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Lifetime of helping others sees community stalwart honoured


Person in graduation gown stands by barrier in atrium having picture taken

Helping the underdog has played a key part in dedicated Shaukat Ahmed MBE’s lifetime work for others in Bradford.

Mr Ahmed, pictured above, has been a prominent voluntary sector organiser in the Bradford district ever since he moved to the city from his native Bangladesh in December 1974, initially to study Electronic Engineering at the University of Leeds.

Fast forward almost 50 years and he has been awarded an Honorary Degree of Doctor of the University of Bradford ‘In recognition of his significant commitment to the community of Bradford and the University.’

Over the decades, Mr Ahmed, 68, has helped to improve the lives of others, by promoting better educational opportunities, enterprise development and better housing for the most deprived communities of Bradford.

Mr Manningham 

After seeing first-hand the overcrowding in the homes of families of Bangladeshi heritage in Manningham during the 1980s, Mr Ahmed became the founding Chair of Manningham Housing Association, a role he held between 1987 and 1998. He was also one of the founding members of the Bangladeshi Youth Organisation in Bradford for 13 years from 1982.

Honorary graduate in gown stands next to barrier smiling

Mr Ahmed, pictured above, said: “I noticed Bangladeshis living in overcrowded houses in Bradford. Seven or eight people living in a three-bedroom house. There was no place to study in the house. 

“I thought that we needed to find better housing for these people. We needed to build larger family houses as there were two or three generations of the same family living together. That’s how the Manningham Housing Association came about.”

He remembers speaking to Bangladeshi parents in Manningham during the 1980s, encouraging them to break from the usual tradition of their children getting jobs in workplaces such as restaurants when they turned 16 and instead entering higher education. He would later earn the nickname of Mr Manningham.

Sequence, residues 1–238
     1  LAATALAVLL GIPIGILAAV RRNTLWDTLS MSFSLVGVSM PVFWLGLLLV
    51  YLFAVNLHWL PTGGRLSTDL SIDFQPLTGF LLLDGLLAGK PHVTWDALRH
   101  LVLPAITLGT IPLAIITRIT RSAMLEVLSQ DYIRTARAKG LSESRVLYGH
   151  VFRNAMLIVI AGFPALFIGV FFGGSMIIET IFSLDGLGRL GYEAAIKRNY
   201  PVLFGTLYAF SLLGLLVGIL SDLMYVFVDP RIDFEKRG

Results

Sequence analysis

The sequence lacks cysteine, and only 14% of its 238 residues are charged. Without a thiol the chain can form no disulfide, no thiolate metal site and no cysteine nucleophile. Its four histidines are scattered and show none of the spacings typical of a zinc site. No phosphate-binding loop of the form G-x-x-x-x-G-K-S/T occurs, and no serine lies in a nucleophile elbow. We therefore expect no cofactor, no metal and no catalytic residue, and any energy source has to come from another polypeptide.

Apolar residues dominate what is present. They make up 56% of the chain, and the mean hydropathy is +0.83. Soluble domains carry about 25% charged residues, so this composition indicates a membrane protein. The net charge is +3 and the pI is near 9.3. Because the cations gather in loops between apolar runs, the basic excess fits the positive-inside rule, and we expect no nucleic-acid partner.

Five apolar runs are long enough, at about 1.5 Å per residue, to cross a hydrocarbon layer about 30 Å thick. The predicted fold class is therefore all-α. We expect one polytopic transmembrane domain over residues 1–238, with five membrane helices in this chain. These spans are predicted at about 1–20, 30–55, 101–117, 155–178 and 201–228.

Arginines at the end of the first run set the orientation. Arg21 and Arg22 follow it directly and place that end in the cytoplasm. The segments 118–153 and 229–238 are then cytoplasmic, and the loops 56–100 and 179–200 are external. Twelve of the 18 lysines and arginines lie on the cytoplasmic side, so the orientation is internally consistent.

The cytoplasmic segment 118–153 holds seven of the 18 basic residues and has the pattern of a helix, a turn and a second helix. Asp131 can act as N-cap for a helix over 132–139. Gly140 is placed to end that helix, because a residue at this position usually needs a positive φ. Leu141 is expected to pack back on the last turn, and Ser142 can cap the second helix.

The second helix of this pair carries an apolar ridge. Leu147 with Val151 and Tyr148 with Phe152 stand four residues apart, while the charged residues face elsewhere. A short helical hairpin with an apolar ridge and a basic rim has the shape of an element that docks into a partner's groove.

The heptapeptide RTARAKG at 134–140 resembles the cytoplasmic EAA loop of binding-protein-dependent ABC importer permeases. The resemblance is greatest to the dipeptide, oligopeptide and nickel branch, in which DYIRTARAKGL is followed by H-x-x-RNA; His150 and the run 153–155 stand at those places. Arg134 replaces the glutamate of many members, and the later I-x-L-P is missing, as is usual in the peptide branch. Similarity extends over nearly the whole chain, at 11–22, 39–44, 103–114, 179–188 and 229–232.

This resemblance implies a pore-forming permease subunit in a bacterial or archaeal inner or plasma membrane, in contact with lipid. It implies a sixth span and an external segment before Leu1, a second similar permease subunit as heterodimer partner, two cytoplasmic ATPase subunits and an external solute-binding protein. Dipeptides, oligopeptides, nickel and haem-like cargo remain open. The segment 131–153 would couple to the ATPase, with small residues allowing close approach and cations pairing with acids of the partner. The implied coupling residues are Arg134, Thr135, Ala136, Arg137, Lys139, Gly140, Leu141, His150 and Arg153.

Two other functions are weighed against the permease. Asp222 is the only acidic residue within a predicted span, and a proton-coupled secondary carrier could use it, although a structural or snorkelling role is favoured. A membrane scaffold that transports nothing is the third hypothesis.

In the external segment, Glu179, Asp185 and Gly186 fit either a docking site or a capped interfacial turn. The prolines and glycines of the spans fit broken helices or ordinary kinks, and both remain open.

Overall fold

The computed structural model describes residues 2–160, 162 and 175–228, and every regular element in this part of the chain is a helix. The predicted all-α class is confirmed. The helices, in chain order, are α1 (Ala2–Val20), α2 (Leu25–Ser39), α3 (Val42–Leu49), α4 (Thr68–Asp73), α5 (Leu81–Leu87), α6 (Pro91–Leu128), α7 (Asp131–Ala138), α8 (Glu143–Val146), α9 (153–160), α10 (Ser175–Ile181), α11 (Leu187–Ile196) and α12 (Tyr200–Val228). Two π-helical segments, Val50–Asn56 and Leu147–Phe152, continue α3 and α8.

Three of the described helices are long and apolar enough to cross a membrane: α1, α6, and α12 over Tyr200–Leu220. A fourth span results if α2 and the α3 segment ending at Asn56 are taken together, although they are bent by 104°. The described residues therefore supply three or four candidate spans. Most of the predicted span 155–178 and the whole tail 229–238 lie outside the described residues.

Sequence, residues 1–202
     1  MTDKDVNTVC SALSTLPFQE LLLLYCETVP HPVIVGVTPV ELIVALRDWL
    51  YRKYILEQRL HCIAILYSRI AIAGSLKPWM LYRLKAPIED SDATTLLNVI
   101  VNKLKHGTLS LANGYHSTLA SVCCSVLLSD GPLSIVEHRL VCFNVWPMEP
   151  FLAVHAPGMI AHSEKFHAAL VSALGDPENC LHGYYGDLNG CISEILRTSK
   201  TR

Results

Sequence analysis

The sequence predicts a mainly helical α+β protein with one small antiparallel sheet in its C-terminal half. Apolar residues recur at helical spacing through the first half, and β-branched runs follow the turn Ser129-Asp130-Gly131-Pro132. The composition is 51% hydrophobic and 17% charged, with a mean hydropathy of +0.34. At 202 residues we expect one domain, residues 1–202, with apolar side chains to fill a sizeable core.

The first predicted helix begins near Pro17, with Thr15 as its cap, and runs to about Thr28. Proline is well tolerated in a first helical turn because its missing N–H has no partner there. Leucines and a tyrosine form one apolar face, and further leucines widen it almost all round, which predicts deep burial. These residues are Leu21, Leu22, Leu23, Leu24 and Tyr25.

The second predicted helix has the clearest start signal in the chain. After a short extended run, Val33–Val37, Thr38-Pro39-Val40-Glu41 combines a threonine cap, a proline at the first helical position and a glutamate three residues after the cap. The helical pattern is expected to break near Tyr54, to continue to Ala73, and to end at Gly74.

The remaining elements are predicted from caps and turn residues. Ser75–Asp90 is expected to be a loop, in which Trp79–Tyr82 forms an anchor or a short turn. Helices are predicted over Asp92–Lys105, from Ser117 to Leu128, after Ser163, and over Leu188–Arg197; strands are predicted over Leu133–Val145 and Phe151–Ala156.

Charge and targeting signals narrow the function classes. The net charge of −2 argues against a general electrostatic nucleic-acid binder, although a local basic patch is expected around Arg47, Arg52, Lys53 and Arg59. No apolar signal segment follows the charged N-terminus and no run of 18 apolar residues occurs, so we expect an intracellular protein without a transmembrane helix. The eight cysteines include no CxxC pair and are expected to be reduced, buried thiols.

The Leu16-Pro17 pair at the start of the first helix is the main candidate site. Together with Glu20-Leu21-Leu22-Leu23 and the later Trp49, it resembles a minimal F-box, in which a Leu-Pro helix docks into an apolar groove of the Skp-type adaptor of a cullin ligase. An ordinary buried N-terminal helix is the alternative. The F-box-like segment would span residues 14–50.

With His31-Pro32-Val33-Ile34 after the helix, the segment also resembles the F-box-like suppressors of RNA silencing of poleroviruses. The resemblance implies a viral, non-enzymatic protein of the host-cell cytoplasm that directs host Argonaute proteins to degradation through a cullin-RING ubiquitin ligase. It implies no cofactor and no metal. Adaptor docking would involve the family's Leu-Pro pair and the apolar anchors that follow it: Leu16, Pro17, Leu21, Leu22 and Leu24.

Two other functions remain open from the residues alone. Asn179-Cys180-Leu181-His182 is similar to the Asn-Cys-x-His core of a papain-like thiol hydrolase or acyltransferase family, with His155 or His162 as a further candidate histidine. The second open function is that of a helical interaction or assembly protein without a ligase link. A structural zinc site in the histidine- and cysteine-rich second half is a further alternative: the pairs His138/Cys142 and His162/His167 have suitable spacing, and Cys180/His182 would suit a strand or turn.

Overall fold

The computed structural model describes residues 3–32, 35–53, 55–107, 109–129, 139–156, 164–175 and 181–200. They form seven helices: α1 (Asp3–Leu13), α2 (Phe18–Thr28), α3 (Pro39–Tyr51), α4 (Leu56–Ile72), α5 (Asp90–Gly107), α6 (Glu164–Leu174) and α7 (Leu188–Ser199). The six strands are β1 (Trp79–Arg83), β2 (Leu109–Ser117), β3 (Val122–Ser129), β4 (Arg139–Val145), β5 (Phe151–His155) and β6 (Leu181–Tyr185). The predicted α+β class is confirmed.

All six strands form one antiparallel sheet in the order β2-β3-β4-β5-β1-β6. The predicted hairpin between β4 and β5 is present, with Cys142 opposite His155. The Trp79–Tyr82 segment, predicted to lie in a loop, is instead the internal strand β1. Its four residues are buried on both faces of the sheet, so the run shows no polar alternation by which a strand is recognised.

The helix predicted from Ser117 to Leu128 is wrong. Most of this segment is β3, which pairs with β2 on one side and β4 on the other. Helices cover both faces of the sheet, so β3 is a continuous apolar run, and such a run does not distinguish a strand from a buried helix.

‘People are all equal’ 

He was involved in the city’s fight against the National Front (NF) during the 1970s, which he describes as a ‘really bad time’.

In 1976, Mr Ahmed took part in a counter demonstration protesting against NF members who were marching through Manningham, a neighbourhood with a large population of residents of Bangladeshi and Pakistani heritage.

He added: “I have spent a lot of time doing anti-racism work. That’s been a big thing in my life. A minority sees things that a majority can’t see. People are all equal. They should all be equal.

“My parents were my source for helping others. I always had a sense of fighting for the underdog, the weak one.”

Mr Ahmed went on to work for Leeds City Council as a Senior Project Manager and was also a Labour councillor for Bradford’s University ward between 1991 and 1999.
He has also forged decades-long links with the University of Bradford.

He worked in its department of electronics and engineering on a one-year research scholarship in 1982/83. This role saw him based in Oxenhope, a village near Keighley, researching how snowflakes can disrupt mobile phone signals and how to combat the problem, while the form of technology was in its infancy. He was also LEA member of Bradford University Council.

Speaking on the honorary doctorate, he said: “It means a lot to me. Within my family, there have been six people who have graduated from the University of Bradford. I am closely connected to the University of Bradford.

“It’s a great feeling for me personally. I see Bradford as my home city. I came here in 1974 and I’m still here.

“I’ve always gone into things full-hearted. I wanted to do things and to think outside the box.”

Mr Ahmed was awarded an MBE in 2008 in recognition of his community and voluntary development work in Bradford, in what he modestly describes as a surprising milestone for him.

‘Never give up’ 

Since his retirement in 2020, Mr Ahmed has become even more involved in voluntary work. He promotes understanding and co-operation between people of various cultural heritages and faith groups, through music, songs, and poetry.

He has been married to Syeda Shanaz Ahmed for 41 years and is a father of two and a grandfather of four.

Asked what advice he had for graduates, he said: “As you progress through life, things don’t get better and better all of the time. You will trip some of the time. You need to dust yourself off, re-plan and continue. Everyone has had to do that. Never give up.”